Document Type

Dissertation

Date of Degree

Summer 2011

Degree Name

PhD (Doctor of Philosophy)

Degree In

Anthropology

First Advisor

Robert G. Fanciscus

Abstract

Features of the infraorbital region, such as infraorbital surface topography, infraorbital surface orientation, and curvature of the zygomaticoalveolar crest, have long played a prominent role in phylogenetic analyses of Homo. However, there is currently considerable debate regarding the phylogenetic reliability of infraorbital characters, as numerous researchers have questioned the degree to which these features are morphologically independent of one another and facial size. These questions largely stem from methodological limitations for accurately quantifying the curvilinear morphology of the infraorbital surface and zygomaticoalveolar crest, which have significantly impeded the ability to discern patterns of infraorbital integration and allometry. In this study, infraorbital surface and zygomaticoalveolar crest morphology are precisely assessed, through geometric morphometric methodologies well-suited for quantifying complex curvilinear structures, in a large sample of fossil (n = 71) and recent Homo (n = 303). Once quantified, measures of infraorbital surface topography, infraorbital surface orientation and zygomaticoalveolar crest curvature are further evaluated for intercorrelation and allometry in order to more fully evaluate the morphological independence of commonly cited infraorbital characters. The results of this study indicate that most aspects of infraorbital surface topography, infraorbital surface orientation and zygomaticoalveolar crest curvature are significantly correlated with facial size across Homo. Moreover, certain aspects of infraorbital shape, such the degree of infraorbital surface depression and the overall curvature of the zygomaticoalveolar crest, appear to show additional, size-independent, intercorrelations, suggesting they form a singular "infraorbital complex." In light of these results, the use of infraorbital characters as separate independent characters in phylogenetic assessments of Homo is called into question, while the importance of facial size in human craniofacial evolution is further highlighted.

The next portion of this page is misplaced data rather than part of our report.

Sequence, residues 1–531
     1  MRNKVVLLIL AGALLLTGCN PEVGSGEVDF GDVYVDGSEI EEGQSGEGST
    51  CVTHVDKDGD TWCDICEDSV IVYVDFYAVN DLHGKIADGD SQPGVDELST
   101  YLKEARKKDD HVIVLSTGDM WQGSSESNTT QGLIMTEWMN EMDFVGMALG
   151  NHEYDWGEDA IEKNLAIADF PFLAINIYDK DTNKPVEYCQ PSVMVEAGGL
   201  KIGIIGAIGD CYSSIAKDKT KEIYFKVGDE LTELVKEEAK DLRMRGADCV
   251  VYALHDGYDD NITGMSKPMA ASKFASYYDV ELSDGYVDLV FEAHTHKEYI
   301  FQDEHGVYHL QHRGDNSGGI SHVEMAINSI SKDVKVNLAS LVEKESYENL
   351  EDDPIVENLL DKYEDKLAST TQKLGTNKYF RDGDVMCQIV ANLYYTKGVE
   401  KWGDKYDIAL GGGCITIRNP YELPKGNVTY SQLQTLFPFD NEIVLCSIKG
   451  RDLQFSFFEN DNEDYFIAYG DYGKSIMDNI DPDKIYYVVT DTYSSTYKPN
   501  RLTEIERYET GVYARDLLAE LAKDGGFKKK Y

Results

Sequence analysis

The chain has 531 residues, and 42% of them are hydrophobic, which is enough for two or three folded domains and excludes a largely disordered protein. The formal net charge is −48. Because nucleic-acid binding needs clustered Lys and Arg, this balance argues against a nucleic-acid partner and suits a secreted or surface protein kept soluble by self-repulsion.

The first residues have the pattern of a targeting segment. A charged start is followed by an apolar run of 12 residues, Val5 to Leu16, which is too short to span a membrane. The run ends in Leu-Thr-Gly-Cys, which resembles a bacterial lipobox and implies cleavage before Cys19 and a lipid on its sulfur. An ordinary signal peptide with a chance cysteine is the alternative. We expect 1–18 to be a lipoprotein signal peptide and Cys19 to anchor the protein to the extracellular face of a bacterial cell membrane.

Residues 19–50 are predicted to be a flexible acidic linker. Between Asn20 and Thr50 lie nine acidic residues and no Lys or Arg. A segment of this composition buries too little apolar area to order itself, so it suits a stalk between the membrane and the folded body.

Keywords

Allometry, Canine Fossa, Evolution, Geometric Morphometric, Neandertal, Phylogenetic

Pages

xxii, 366 pages

Bibliography

Includes bibliographical references (pages 339-366).

Copyright

Copyright 2011 Scott David Maddux

Included in

Anthropology Commons

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